HUMIFICATION AND MINERALIZATION OF AQUATIC MACROPHYTES: A REWIEW

Marcela B. Cunha Santino, Irineu Bianchini Jr.

Abstract


The decomposition of aquatic macrophytes results in the production of an amount of microorganisms, water, minerals, gases and humic compounds. Humic compounds are humic and fulvic acids which are polar substances with elevated molecular mass and irregular appearance, of heterogeneous nature and with varied degrees of polymerization. In aquatic ecosystems these substances take part in the pool of dissolved and particulate organic carbon, thus they hold considerable ecological and physiological importance. In the process of formation of humic compounds (humification) from the detritus of aquatic plants, a relative predominance of SH in the particulate organic matter in comparison to dissolved organic matter is perceived, with fulvic acid being the predominant compound. Although humic substances present recalcitrant properties in biodegradation, mineralization of these substances is essential in humus cycling and in the global carbon cycle. The refractance index of these substances renders them slow to decay in natural conditions, thus sediments acquire a great amount of humic substances. The processes of mineralization and humification can thus be seen as antagonist processes that evolve at different rates according with ambient conditions.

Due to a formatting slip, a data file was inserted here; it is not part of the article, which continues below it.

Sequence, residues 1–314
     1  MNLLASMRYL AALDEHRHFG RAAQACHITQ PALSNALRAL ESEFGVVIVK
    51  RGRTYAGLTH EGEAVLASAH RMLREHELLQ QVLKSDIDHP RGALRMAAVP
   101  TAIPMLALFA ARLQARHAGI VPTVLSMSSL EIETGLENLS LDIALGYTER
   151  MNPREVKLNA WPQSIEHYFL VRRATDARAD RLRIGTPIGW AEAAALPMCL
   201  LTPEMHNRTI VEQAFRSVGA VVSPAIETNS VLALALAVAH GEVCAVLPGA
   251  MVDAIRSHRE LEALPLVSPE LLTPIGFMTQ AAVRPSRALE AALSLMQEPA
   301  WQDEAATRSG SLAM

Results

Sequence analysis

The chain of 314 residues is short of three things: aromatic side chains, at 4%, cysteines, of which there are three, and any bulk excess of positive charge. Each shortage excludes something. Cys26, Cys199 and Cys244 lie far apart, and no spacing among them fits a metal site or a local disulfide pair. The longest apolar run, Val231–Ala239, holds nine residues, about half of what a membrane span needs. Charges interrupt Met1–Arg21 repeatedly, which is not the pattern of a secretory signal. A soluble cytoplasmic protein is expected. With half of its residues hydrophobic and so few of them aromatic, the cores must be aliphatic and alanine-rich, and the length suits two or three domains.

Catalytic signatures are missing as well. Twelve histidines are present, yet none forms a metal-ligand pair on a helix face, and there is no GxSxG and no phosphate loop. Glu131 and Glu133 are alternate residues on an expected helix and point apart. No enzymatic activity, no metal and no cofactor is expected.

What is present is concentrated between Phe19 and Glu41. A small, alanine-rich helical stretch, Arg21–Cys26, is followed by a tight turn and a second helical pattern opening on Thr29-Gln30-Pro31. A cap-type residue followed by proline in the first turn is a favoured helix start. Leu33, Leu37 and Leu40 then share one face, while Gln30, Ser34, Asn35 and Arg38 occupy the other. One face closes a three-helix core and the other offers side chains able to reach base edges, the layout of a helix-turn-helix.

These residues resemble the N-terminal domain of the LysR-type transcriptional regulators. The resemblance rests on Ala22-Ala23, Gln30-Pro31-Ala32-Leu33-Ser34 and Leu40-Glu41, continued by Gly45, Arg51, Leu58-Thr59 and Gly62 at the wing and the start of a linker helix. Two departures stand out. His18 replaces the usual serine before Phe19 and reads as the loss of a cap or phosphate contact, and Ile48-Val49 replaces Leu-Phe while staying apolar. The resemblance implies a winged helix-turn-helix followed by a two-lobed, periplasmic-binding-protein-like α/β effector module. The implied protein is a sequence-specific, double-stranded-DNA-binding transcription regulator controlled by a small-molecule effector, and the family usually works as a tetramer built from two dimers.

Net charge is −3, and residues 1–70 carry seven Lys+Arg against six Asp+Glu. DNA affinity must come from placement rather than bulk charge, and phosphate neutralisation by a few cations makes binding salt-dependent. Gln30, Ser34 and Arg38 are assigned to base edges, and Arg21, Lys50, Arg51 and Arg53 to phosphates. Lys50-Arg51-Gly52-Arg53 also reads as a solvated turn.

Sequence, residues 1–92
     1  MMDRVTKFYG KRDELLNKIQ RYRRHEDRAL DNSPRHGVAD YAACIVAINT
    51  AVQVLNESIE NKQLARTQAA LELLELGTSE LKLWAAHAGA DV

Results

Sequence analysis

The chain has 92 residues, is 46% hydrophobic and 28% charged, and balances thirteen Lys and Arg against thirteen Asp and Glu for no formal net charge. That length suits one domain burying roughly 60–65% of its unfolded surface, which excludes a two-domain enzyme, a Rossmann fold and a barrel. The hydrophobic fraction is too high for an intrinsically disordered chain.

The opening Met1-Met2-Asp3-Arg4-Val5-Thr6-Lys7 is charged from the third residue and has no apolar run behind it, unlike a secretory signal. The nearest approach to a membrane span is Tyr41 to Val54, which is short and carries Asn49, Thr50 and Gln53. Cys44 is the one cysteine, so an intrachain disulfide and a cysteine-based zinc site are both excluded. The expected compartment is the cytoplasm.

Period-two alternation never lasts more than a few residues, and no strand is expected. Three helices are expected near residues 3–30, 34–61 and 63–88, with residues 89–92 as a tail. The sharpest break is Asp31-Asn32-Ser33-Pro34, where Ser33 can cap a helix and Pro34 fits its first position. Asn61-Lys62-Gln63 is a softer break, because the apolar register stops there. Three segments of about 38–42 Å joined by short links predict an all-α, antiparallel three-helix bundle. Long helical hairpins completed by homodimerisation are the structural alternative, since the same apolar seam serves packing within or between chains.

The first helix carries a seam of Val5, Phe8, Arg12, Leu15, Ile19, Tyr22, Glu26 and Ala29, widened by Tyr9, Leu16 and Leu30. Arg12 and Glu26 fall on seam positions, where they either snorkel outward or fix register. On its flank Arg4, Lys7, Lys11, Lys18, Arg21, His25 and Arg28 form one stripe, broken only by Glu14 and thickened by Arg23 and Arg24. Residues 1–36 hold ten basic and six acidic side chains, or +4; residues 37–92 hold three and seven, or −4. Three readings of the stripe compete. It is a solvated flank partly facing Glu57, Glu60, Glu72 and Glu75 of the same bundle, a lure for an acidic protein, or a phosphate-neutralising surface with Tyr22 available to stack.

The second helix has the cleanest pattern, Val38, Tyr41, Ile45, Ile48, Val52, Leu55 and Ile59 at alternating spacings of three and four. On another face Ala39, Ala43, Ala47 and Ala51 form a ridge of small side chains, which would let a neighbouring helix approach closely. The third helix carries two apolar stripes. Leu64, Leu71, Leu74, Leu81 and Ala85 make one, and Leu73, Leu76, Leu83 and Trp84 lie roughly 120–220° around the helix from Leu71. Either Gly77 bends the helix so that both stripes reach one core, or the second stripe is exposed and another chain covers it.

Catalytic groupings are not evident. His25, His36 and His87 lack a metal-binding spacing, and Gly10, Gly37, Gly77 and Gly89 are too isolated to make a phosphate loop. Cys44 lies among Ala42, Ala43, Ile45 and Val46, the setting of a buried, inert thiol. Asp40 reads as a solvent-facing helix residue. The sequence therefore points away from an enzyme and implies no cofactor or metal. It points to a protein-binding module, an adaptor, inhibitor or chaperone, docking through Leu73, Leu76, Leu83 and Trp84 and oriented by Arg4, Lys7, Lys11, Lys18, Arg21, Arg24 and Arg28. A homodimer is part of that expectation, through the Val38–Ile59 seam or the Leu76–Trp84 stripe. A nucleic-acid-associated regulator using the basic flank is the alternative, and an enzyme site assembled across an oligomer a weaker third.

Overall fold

Keywords


Humic substances; decomposition; nutrient cycling; dissolved and particulate organic matter

Refbacks

  • There are currently no refbacks.


 SCImago Journal & Country Rank